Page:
I read an article the other day about why hearing parents of deaf children don’t learn sign language. I’m sure that there is qualitative research out there exploring the “why?”, this may be the case for many families. The statistic that was used in the article suggested this was true for the vast majority of parents.This particular article concluded that the reason is quite simple; that parents just don’t want to communicate with their children. Whilst this opens up some interesting food for thought around quality of communication and loving relationships between parents and children irrespective of their hearing status, I do want to share my thoughts as to why I can imagine that families with deaf children who use sign language as a communication modality, might see the parents not learning sign language fluently enough to communicate adequately with their deaf child.
Statistics globally indicate that over 90% of deaf children are born to hearing parents. For most of them, this would be the first significant interaction that they would have had with a d/Deaf person. This is not the same as meeting someone Deaf socially or informally. A social setting may see curiosity, an appreciation for diversity and a sense of intrigue regarding sign language, spark an interest in sign language. One, that if nurtured, may grow over time, and see the learning of sign language being pursued. This is usually a fun process; there is no real pressure, and your interest and enthusiasm has empowered your own choice to do so.
For many parents, this is not the case. Parents are often still immersed in the overwhelming reality of this new journey, where their grief can last a really long time, if the right support is not received. The grief stage of “denial” can become a prison, seeing a parent not in a place of empowerment to take purposeful steps forward that require effort and acceptance, such as the learning of a sign language. This is not something where you feel the freedom of taking as long as you need to learn, but there is a definite sense of unwelcomed pressure; conflict between wanting to for the sake of your child, and not wanting to because you would rather not have a deaf child in the fist place whilst complicated by a lack of confidence in your own ability to embrace something this foreign. I felt this struggle inside of me when first embracing the learning of sign language. I’d see people communicating in sign, where signs often looked so similar, and yet not, and thought, “Phew, this is just too hard.”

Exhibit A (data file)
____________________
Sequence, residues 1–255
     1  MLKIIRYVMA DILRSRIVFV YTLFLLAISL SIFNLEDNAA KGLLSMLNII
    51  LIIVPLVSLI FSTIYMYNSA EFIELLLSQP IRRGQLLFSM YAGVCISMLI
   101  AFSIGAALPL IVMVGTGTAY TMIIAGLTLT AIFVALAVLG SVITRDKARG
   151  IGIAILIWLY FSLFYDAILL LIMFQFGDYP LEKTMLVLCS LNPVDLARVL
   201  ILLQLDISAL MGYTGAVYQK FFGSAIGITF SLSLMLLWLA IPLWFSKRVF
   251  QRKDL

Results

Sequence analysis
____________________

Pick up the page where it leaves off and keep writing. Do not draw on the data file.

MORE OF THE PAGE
When considering learning sign language as part of embracing a total communication approach as a desperate desire to immerse my children in language, particularly because they were already 3 years behind due to late identification, one of the first things that came to mind, was what a school teacher had once said to me. “Bianca, your strength is in the sciences. Languages are just not your thing.” At that very moment, no algebra or chemistry mattered to me, but my insecurity in learning new languages was a very real battle in my mind that I needed to fight. My academic gifting may not be in languages (well, that’s not to say whether she was right in the first place; I’ve learned that school grades are not necessarily related to ability or enjoyment for that matter) but this time, my “aptitude” tests were not related to what I was now tasked to do. I was going to have to find strength in my weakest areas, and I can assure you that I fought the process, at least initially.
Having reflected on what got me through my mind-war, and allowed me to embrace the learning of a sign language (a journey that I have by no means mastered), I have an appreciation for why the task is often just so daunting for parents, which I feel is a large reason as to why many parents don’t learn to communicate fluently with their signing child.
One of the first factors for me, was flexibility and placing my child’s needs before my own desires. My first communication choice was pure oralism; spoken English. This was all I could deal with initially, as the consideration of South African Sign Language (SASL) was just the cherry on the top, of a situation that seemed too big for me to handle. As time went on (not a lot of time but a few months), I had to swallow a very bitter pill; the realization that my choice was not working…yes, this very same choice had worked for many a child with a hearing loss, but was not working for mine. I realized early on, that the delayed acquisition of language really was comparable to a form of brain damage. Yes, cringe, I used those words! “Cognitive delay”, “speech impediment” all these medically and politically acceptable terms are wrapped so carefully as not to offend. The problem is, that if professionals and parents, do not really “hear” the raw ugly truth beneath this palatable wrapping, the child’s intellectual potential is at stake, not to mention the socio-emotional consequences that affect every area of life. So, having admitted to myself that very slow – inadequately slow, language development would have been the result had I pursued the desires of my heart…I reluctantly pried my eyes open, and realized that my child is needing something that feels too hard, too foreign for me to embrace. Do I turn a blind eye to this, or do I brace myself for the anticipated icy emersion of something that scared me. Remember, grief whispers to most hearing parents, “this is too much for you”, and “having a deaf child is a bad thing.” And of course, with acceptance, phew, I couldn’t be more proud! What a privilege and honour to mother deaf children! But during the time of sadness, it also felt like the embracement of a sign language, kind of made them more “deaf”. I’ve since figured, deaf is deaf, whether you speak, or sign or are amplified in whatever way, you’re d/Deaf…but different people just do being d/Deaf differently. DECIDING to be flexible…this was not a passive process, was my first step in learning SASL.